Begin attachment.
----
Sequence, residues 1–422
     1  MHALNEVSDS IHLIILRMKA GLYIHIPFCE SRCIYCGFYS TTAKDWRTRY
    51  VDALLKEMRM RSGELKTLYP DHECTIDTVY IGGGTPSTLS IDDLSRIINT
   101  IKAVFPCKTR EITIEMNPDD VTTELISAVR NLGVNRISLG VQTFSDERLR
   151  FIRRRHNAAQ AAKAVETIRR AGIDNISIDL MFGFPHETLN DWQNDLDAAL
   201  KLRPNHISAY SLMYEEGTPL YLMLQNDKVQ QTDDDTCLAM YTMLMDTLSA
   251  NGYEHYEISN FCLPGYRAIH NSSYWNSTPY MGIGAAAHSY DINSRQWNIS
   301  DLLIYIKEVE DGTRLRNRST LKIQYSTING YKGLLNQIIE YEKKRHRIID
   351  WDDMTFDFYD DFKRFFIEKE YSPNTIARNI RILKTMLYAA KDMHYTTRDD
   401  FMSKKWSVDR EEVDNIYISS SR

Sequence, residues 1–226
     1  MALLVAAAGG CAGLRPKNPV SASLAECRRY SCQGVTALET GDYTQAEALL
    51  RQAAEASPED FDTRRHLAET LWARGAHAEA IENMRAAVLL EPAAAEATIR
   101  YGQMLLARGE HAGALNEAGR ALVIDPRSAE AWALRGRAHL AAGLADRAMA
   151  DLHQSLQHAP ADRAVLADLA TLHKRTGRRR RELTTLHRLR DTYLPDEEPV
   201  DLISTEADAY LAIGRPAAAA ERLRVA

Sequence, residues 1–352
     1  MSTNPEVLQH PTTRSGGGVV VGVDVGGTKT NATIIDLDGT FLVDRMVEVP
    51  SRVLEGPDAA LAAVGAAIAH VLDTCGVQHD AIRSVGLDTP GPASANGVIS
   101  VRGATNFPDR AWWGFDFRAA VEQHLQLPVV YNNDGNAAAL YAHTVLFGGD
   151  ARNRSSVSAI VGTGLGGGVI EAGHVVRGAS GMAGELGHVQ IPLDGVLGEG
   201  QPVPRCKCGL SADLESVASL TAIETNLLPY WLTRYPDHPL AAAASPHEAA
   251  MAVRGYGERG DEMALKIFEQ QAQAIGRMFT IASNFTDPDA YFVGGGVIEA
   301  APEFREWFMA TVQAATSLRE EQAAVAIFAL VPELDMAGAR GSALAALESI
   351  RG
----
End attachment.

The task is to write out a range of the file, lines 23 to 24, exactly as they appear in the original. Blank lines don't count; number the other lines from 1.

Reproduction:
   251  MAVRGYGERG DEMALKIFEQ QAQAIGRMFT IASNFTDPDA YFVGGGVIEA
   301  APEFREWFMA TVQAATSLRE EQAAVAIFAL VPELDMAGAR GSALAALESI